Berger is a miserable recovering alcoholic who’s just exhausted with having to mansplain everything to everyone. He’s also a little dumb and kind of hates women. While presenting the series to critics, he asked if they watch television until their eyes bleed. The answer is clearly: No.

 

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The Decnuary Roundup (Dec ’16/Jan ’17)

I’m getting back on track. S. L. O. W. L. Y. (But I’m probably never going to be able to post about anything immediately after it airs until bitches pay me enough to quit my day job. Just sayin’.) So, here it go (real extra good shit that you need to watch in bold):

December

Watch this shit:

Meh

(a.k.a. Watch it or don’t, but either way it’s not the greatest ever):

  • Delicious

    Wasn’t terrible, but definitely didn’t hook me. If you’re into “narrated from beyond the grave”-type shit, that happens to be British and also includes food, then this is your bag.

  • Mariah’s World

    I mean… it is what it is. If you like reality shows about famous people being famous, here you go.

  • Terry Crews Saves Christmas

    Cute holiday fun. Even better if you wait to binge it until after the world explodes because dumb assholes couldn’t stand female e-mails.

  • The Wall

    Who wants to be aPLINKO!”

Guilty Pleasure:

  • The Deleted

    This utter nonsense is about horny kids who don’t own shirts and apparently escaped a cult because the milk they were served was drugs. And one of them might also be a psychotic robot. Need I say more?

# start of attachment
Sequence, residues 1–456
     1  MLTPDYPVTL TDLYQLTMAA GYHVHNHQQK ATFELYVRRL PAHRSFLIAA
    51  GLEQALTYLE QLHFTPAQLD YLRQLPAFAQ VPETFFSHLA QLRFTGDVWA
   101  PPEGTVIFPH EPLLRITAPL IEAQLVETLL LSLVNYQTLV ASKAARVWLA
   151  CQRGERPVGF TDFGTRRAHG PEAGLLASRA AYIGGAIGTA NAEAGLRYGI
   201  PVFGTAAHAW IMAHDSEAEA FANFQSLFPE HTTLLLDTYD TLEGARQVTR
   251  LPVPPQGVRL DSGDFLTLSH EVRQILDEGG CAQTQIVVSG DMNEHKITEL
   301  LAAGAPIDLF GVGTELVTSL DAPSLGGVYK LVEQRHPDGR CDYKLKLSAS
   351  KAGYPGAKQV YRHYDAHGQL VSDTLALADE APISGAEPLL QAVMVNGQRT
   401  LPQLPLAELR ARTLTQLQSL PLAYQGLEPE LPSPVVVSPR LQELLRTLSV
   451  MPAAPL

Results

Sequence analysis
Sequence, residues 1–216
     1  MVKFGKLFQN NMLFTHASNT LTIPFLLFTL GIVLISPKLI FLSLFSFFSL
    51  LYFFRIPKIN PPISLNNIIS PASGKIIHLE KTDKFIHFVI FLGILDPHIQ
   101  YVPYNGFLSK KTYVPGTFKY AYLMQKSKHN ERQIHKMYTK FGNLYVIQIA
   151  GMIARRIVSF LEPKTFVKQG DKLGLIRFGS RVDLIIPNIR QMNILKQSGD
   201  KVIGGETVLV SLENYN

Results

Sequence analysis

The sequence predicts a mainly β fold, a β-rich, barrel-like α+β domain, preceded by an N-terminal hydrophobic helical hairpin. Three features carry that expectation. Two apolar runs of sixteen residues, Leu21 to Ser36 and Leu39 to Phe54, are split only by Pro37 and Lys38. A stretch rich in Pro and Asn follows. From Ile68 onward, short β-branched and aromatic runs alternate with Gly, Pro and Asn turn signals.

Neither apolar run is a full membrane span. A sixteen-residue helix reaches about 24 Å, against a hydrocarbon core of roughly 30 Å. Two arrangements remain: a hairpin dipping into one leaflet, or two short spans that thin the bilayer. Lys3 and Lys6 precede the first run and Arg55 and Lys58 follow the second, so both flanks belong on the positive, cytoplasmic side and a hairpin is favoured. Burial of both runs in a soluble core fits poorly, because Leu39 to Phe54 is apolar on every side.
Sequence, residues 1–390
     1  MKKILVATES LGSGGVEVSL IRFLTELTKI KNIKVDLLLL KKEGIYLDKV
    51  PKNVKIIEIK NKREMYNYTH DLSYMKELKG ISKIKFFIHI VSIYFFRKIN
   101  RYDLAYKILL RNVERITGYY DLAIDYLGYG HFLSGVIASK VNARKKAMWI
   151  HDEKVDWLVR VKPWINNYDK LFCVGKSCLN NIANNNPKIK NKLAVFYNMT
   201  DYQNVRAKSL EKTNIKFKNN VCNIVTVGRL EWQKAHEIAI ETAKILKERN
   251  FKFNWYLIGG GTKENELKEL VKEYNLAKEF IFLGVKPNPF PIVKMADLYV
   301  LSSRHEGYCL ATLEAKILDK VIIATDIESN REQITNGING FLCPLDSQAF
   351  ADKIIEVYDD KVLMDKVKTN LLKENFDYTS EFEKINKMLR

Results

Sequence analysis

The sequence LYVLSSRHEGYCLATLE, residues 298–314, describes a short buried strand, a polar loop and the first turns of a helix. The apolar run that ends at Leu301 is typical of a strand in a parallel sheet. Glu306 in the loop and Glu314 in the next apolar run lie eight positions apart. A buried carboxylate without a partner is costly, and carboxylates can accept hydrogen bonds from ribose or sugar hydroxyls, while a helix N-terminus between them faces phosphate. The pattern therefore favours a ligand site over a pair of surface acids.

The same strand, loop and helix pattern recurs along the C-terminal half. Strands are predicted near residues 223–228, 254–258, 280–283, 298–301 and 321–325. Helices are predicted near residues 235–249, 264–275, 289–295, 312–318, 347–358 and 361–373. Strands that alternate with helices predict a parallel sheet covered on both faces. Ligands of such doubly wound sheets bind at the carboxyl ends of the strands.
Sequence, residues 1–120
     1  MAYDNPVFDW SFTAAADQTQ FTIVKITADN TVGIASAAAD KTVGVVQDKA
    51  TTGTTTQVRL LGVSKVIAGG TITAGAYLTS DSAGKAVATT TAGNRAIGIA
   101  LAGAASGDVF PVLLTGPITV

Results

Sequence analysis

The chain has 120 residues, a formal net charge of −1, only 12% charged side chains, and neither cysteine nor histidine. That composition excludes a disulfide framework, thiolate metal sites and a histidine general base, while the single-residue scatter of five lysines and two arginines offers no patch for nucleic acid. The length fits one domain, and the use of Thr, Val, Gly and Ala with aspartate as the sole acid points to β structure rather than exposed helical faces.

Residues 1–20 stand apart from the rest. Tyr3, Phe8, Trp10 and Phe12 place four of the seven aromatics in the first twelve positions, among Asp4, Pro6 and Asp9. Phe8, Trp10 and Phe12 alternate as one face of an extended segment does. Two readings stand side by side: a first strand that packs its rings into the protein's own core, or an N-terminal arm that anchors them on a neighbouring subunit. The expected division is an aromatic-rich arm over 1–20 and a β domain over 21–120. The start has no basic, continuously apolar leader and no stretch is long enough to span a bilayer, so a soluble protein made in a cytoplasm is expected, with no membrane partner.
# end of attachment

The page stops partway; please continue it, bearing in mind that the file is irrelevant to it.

January:

Watch this shit:

  • A Series of Unfortunate Events

    I was sort of prepared to not be interested in this show, but my husband was all about it, so we watched it together. I was won over, folks. It’s a real good time.

  • Beyond

    Just your average, wholesome, all-American “aliens are making shit float in the woods” coming-of-age-in-a-12-year-coma story. Definitely worth your time.

  • Caraoke Showdown

    Musical Cash Cab, hosted by the great Craig Robinson.

  • Emerald City

    Probably about as dark and realistic a take on Oz that we’ve seen.

  • Mary Kills People

    Essentially, it’s Dr. Mary Kevorkian. Not the greatest pilot ever, but Caroline Dhavernas is amazing and I trust her choices. So, I’ll keep watching.

  • The Mick

    Bad Teacher meets Uncle Buck. It has its moments. Three cheers for Carla Jimenez.

  • One Day at a Time

    Cuban family drama, love, and happiness. Seriously, such a good show.

  • Riverdale

    Other than it being based on the Archie comics, it’s not really any different from your typical high school drama. Except maybe the murder mystery? Not that it makes it a bad series, mind you. Just don’t expect anything ground breaking is all I’m saying.

  • Sneaky Pete

    Giovanni Ribisi‘s crazy Scientology-loving-dumbass is an ex-con/future re-con. Not mad at it, but it’s not my new favorite thing.

  • Spy in the Wild

    Fucking crazy-town first-person point of view of animals in their natural habitats. Some really amazing sights.

  • Throwing Shade

    If John Oliver is America’s dad and Samantha Bee is America’s mom, then Bryan Safi and Erin Gibson are attempting to be America’s gay uncle and sassy aunt, respectively.

Meh

(a.k.a. You fuckin’ get it, this shit probably sucks):

  • Big Fan

    “Big fans” have a trivia face-off against celebrities about those celebrities. Unless you’re as big a fan of the celebrity as their stalkers are, the show really won’t mean that much to you.

  • Hunted

    Truly meh. I tried watching the original UK version before this series, and it got boring real quick. This US version explains just a bit more of how they find these voluntary “fugitives,” but that doesn’t really make it any more interesting.

Mr. Robinson vs. Mr. Hightower

I’m really not one to play the comparison game. Being truly original in 2015 is, admittedly, a rare thing. I think we have to appreciate originality and tolerate similarity; embrace it, even, if it’s done well. We live in the age of sequels and reboots and reworks and remakes and it can get tiring, I know. So, in talking about Mr. Robinson, I feel compelled to talk about the show it is eerily similar to. That’s The Steve Harvey Show.